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Forty Two Reasons to Support Scottish Independence

42 Reasons Cover blog versionToday the Commonwealth publish Adam Ramsay’s Forty Two Reasons to Support Scottish Independence.

For some time I have thought that the prospect of independence in Scotland is bound to stir up a long-overdue debate about the constitution in the rest of Britain.

Of course, the English in particular will take a lot of persuading that continental innovations like popular sovereignty and embedded rights have any place in this, the land of cosy crime, cups of tea and breakneck shiftiness in the corridors of Westminster-Whitehall. But a new constitutional settlement is coming, I suspect, no matter what the result is in the September referendum. And the Scots now have something of a head start in thinking about the implications of doing away with the Crown-in-Parliament.

Adam Ramsay is one of the most interesting writers that I have come across in the context of the independence debate. He has argued tirelessly for the merits of independence in Scotland on the grounds that independence will be better for the people who live in Scotland, better for their neighbours, and better for the world.

The Poverty of Policy

Yesterday the Sunday Times reported that Jon Cruddas was unhappy about the way the Labour leadership was treating his policy review. On the same day Radio 4’s The World This Weekend invited Matthew Taylor on air to discuss the role of policy in politics. As the former head of policy in Tony Blair’s Policy Unit, Taylor speaks with considerable authority:

… If you’re in opposition, policy is a mixed blessing. On the one hand, if you have a good idea the government party can adopt that. Labour announces an energy price freeze and the Coalition immediately started taking steps to tackle the issue of the behaviour of energy utilities. If you have a bad idea it can be hung round your neck.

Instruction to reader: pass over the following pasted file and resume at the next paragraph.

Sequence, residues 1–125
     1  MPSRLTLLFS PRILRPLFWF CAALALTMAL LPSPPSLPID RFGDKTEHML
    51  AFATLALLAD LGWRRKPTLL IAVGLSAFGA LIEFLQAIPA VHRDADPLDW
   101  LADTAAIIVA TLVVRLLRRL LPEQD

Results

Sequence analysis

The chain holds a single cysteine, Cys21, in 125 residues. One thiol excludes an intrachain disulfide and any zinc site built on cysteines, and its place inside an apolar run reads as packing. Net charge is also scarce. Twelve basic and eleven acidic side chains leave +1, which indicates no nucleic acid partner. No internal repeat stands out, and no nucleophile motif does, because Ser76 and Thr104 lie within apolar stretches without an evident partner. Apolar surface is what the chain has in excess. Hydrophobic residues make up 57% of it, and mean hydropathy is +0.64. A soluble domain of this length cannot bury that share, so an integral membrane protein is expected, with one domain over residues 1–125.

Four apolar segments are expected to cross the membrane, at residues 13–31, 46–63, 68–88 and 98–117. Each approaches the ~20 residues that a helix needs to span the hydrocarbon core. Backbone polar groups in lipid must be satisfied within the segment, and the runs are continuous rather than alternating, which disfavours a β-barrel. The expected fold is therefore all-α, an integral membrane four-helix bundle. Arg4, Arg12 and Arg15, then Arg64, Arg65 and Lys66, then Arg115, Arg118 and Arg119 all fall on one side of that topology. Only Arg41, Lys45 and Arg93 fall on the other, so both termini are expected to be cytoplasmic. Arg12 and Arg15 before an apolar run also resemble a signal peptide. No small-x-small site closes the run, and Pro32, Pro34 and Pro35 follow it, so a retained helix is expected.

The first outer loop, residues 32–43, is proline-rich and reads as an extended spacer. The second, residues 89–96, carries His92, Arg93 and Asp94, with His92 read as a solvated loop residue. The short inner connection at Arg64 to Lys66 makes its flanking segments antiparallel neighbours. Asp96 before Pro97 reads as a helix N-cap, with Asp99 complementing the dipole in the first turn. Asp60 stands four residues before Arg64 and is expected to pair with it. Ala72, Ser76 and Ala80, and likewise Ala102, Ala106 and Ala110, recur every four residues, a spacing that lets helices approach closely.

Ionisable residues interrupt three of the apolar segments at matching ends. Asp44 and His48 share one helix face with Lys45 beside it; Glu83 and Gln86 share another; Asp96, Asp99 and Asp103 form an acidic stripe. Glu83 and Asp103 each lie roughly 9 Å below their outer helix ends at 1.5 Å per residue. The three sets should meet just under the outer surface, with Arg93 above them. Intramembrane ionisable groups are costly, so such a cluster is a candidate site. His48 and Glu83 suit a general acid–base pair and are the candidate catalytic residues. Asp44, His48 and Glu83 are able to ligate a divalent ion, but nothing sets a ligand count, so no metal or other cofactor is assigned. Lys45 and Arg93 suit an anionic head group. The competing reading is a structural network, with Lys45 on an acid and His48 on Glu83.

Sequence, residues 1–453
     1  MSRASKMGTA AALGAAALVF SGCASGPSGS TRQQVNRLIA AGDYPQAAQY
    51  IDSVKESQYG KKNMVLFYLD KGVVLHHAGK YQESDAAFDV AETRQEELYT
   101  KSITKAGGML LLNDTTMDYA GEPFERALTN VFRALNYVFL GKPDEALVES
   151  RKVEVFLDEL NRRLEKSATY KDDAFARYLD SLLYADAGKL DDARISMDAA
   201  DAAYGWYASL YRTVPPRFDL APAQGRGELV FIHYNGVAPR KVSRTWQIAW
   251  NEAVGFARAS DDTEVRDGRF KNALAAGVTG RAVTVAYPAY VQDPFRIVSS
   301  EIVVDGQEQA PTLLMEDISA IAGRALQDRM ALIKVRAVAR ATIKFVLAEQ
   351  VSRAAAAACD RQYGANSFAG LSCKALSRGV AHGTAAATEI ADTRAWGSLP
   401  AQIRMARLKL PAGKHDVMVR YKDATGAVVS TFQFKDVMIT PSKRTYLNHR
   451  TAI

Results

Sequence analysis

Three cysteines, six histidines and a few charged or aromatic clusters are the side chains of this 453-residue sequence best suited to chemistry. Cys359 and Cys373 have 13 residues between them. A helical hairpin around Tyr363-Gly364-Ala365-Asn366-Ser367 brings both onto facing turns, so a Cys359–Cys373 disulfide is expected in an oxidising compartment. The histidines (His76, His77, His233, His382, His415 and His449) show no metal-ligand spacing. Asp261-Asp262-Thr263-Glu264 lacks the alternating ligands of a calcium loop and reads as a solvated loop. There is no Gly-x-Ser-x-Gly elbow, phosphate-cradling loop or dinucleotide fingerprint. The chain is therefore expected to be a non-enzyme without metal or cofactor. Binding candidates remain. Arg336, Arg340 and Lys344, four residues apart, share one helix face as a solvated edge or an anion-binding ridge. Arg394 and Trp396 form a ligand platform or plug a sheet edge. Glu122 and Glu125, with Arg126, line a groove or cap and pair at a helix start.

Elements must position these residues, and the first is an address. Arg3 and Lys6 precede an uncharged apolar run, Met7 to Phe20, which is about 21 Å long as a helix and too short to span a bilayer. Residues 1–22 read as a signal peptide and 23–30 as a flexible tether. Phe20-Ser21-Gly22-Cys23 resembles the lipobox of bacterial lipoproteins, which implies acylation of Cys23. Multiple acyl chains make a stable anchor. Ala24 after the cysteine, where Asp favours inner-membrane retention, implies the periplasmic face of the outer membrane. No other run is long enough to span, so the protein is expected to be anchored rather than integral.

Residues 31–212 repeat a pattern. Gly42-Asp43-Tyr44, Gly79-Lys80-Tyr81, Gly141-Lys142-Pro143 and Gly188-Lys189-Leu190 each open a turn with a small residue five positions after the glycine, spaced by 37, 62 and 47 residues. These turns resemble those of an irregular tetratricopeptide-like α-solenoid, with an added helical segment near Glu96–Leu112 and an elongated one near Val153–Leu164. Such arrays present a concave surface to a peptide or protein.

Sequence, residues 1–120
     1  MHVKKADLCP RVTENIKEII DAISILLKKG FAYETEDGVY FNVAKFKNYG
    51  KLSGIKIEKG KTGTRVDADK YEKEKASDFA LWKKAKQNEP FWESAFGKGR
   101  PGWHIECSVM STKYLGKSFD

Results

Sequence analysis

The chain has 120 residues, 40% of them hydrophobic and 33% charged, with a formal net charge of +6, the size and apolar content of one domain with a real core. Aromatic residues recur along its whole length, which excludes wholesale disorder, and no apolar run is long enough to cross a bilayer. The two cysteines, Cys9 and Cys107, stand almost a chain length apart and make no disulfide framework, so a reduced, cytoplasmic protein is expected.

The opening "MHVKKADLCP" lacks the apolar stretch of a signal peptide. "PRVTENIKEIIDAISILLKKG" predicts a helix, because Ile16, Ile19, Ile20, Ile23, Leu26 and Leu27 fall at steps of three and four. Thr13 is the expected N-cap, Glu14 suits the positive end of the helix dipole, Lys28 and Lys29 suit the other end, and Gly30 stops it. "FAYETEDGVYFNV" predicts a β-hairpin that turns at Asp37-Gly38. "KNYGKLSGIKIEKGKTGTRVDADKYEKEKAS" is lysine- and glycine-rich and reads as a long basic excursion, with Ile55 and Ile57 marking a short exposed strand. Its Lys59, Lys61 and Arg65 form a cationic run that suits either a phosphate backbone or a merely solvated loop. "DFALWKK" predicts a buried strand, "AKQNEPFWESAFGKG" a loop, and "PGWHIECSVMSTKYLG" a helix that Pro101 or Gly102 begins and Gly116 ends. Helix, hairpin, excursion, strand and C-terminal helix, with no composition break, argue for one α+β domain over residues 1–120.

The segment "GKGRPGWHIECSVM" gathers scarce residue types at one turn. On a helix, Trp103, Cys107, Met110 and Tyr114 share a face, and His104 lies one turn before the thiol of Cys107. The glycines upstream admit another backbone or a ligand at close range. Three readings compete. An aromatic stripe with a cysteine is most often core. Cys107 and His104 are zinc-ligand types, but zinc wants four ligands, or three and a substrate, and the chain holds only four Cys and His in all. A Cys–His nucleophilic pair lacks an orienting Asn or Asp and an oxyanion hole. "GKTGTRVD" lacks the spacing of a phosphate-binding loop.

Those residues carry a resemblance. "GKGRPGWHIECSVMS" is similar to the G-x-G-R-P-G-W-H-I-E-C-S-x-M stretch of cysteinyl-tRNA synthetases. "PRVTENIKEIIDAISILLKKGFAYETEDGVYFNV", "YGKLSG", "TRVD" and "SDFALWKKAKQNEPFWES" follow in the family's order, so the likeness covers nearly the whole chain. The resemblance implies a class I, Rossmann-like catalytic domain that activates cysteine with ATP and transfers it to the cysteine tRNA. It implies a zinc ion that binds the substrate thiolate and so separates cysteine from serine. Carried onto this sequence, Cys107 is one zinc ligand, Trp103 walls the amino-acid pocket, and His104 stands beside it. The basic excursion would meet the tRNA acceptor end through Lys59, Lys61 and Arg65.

What’s striking here is that Taylor doesn’t pause to consider that the Labour party might publicly advocate a “good idea” that can’t be adopted, for whatever reason, by a Conservative-led coalition. Good ideas are, in this formulation, ideas that the two main parties are happy to adopt. Bad  ideas are ideas that “can be hung around your neck” (by and in the media, presumably).

This tells us something important about the status of “policy-making” and its function in public speech; It is a, fairly minor, part of the communications efforts of the big parties. What the parties actually intend to do in government is far too serious to be shared with the electorate.

Labour party insiders, on the rare occasions when they’ve tried to stop me saying disobliging things about them, always tell me that Miliband is much more social democratic than he can let on. Perhaps that’s true. We do know for sure that the Conservatives had much more radical plans for the NHS  than they ever let on during the 2010 election.

The idea that the electorate votes for a party on the basis of a clear understanding of their agenda for the country is a gross simplification. Parties compete for power and then do more or less what they like, within the limits of a contested consensus. Their actions are then assessed by a media system that is closely integrated with the state in general and the political parties in particular. The public’s irrelevance is baked into the process. We have to be told something, for form’s sake. But what we’re told and what the parties end up doing in government have no necessary connection.

If we want to stop austerity and improve matters for ourselves and the great majority of people in the country, we might want to start making policy ourselves. Our ideas won’t be “good”, in the sense that they can be plugged indifferently into the messaging efforts of the Labour and Conservative parties. Instead they will form the basis for a new relationship between society and the state.

As such they will frighten the life out of the creatures that have evolved to prosper in the current arrangements.

A little bit of photojournalism

When the London won the 2012 Olympic Games there was much talk of legacy. The billions were to be spent with one eye on the city’s future.

Doubtless there was something to all this. But a couple of weeks ago I went to the Olympic Park to have a swim. The pool itself is a triumph. But finding it isn’t as straightforward as it could be.

The station itself is fine. I’ve got nothing against the station …

All pretty straightforward ... This way to the park. Forgive the image quality. I am not really a photojournalist.

All pretty straightforward … This way to the park. Forgive the image quality. I am not really a photojournalist.

The trouble is, neither does the station.

Which way to the Olympic Park?

Which way to the Olympic Park?

No sign, I mean. Nothing at all to see, except a gigantic shopping centre on the left and an electronic billboard dead ahead, for gambling. On the World Cup, naturally.

Can there really be nothing to point the visitor towards the legacy?

Ah, what’s that, in the corner, past the smoking area?

Makes you proud ...